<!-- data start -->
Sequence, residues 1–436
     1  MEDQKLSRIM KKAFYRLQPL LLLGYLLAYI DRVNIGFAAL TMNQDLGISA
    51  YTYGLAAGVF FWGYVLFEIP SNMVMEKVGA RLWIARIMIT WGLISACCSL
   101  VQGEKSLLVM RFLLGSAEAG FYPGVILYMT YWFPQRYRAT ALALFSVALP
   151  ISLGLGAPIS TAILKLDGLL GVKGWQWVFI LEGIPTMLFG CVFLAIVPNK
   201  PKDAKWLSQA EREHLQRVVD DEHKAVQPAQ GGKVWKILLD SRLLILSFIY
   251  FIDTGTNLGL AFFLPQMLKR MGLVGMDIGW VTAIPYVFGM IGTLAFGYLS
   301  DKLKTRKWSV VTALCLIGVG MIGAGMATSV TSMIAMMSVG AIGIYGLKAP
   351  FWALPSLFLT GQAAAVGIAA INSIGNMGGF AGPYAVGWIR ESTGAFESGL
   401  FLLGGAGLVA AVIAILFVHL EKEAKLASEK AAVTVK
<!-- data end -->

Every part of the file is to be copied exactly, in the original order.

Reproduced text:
Sequence, residues 1–436
     1  MEDQKLSRIM KKAFYRLQPL LLLGYLLAYI DRVNIGFAAL TMNQDLGISA
    51  YTYGLAAGVF FWGYVLFEIP SNMVMEKVGA RLWIARIMIT WGLISACCSL
   101  VQGEKSLLVM RFLLGSAEAG FYPGVILYMT YWFPQRYRAT ALALFSVALP
   151  ISLGLGAPIS TAILKLDGLL GVKGWQWVFI LEGIPTMLFG CVFLAIVPNK
   201  PKDAKWLSQA EREHLQRVVD DEHKAVQPAQ GGKVWKILLD SRLLILSFIY
   251  FIDTGTNLGL AFFLPQMLKR MGLVGMDIGW VTAIPYVFGM IGTLAFGYLS
   301  DKLKTRKWSV VTALCLIGVG MIGAGMATSV TSMIAMMSVG AIGIYGLKAP
   351  FWALPSLFLT GQAAAVGIAA INSIGNMGGF AGPYAVGWIR ESTGAFESGL
   401  FLLGGAGLVA AVIAILFVHL EKEAKLASEK AAVTVK